In an attempt to further this concept, the third act explores the final stage of life. Old age. This act has a more focused narrative then the previous acts, representing the idea that life has slowed down. Suggestions of confinement and entrapment can be identified in the scene located in a chemotherapy day unit. Cancer, as a chronic illness, in conjunction with chemotherapy treatment are both associated with repetitive routine, restriction and an intangible slowing down of life. Cancer is commonly associated with the ageing process, and Shaped By Time has honed in on the psychological, social and physically imprisoning experience of such an illness that is often felt by elderly people, to emphasize the key concept of the film. In terms of pattern, clearly defined shapes and the intense focus on simple moments within each clip aim to limit visual exploration, yet heighten the abstract meanings being conveyed by each clip. Similarly, the choreography of each clip creates a measured rhythm with carefully considered actions, presenting a limited perspective. For example, the clip showing the elderly man’s hands opening the packaged sandwich uses a simple action to express the character’s sense of entrapment and inability to function freely within his controlled environment. This restrictiveness is further emphasized through the user’s interaction with the film. The interface design, in this final act, restricts the audience through the limited number of thumbnails that appear with each SNU. The user is also encouraged to feel a sense of depletion through the image of the dying tree in the background of the third act. Again, the meaning of this image is founded through the juxtaposition through the images used in the first two acts. The audience is presented with a saturated image of a healthy tree in the first act, which was reduced to a more trimmed back tree in the second act, and thus allowing this final tree serves to indicate to the audience the key notion that age limits any living creature’s inability to interact with the world around it as freely as it once could. Each clip in the third act express their messages metaphorically, more than thematically, as they are representing a stage of life, yet are also indicating to the audience that this is the finale of the narrative – this is the emotional and conceptual place that Shaped By Time will leave its audience.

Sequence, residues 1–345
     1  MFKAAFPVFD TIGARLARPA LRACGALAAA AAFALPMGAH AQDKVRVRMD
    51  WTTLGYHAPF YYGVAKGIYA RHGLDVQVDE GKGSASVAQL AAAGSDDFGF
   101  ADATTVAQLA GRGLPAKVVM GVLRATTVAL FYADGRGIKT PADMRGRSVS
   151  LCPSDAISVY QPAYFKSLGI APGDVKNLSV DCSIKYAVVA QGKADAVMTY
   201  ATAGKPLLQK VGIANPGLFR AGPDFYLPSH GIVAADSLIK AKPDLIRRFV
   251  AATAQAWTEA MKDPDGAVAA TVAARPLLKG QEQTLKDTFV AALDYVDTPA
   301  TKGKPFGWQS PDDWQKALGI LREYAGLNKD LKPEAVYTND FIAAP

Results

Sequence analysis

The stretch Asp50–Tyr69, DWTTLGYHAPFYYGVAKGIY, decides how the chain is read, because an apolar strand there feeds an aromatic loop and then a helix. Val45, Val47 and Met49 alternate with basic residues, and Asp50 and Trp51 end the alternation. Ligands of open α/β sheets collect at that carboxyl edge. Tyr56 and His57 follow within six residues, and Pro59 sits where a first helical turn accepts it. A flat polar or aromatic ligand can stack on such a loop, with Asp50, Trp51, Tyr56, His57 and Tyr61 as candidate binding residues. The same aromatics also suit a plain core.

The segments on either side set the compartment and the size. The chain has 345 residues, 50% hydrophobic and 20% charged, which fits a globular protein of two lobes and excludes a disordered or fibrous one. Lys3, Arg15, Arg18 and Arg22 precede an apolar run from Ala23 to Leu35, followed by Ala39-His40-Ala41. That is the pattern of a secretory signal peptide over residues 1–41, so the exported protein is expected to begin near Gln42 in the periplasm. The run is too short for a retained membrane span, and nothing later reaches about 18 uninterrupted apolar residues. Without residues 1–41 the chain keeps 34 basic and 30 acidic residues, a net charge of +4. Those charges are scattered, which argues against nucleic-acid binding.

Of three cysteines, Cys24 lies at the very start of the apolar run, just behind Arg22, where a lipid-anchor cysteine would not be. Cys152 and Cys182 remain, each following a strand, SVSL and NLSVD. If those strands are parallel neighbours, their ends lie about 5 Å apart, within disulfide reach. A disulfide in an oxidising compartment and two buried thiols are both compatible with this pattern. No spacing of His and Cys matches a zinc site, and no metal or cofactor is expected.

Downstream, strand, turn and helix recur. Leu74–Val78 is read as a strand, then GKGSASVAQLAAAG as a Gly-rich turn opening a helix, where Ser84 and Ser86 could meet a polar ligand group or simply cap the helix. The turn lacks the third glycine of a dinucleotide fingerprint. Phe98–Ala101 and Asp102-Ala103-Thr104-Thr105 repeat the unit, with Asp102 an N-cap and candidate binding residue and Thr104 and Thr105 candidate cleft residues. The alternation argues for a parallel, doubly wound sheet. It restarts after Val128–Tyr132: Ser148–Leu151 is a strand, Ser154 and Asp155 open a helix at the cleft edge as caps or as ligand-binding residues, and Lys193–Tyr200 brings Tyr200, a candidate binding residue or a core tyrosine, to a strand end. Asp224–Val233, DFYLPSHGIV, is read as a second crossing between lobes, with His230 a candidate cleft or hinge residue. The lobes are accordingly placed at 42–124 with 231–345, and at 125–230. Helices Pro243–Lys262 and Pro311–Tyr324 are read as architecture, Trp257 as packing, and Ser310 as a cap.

“By incorporating materials that are inextricably linked to the realities of daily life, the collage artist establishes an immediate identification, both real and imagined, between the viewer and the work of art” (Shields 2011, p. 364). Shaped By Time has aimed to frame the human experience of ageing within typical social and physical environments in order to create a relatable experience, for users. The actions and visuals of each clip represent Shield’s notion of the ‘real’, yet it is the orchestration of this linear collage that aims to express the imagined –the theoretical ideals regarding the intangible experience of ageing from the perspective of western modernity. It is interesting to note, the perspective we took, as filmmakers, did not involve our current stage of life. Consequently, the film portrays a subjectively, and thus potentially distorted, interpretation of an age that has been (youth) and the ages that are yet to come. This distortion of reality through the “assemblage” (Shields 2011, p.359) of each act, intends to encourage the interactive user to actively engage in a contemplative manner.
Shields, D 2011, ‘Reality Hunger: A Manifesto’, Vintage, Knopf Doubleday Publishing Group, New York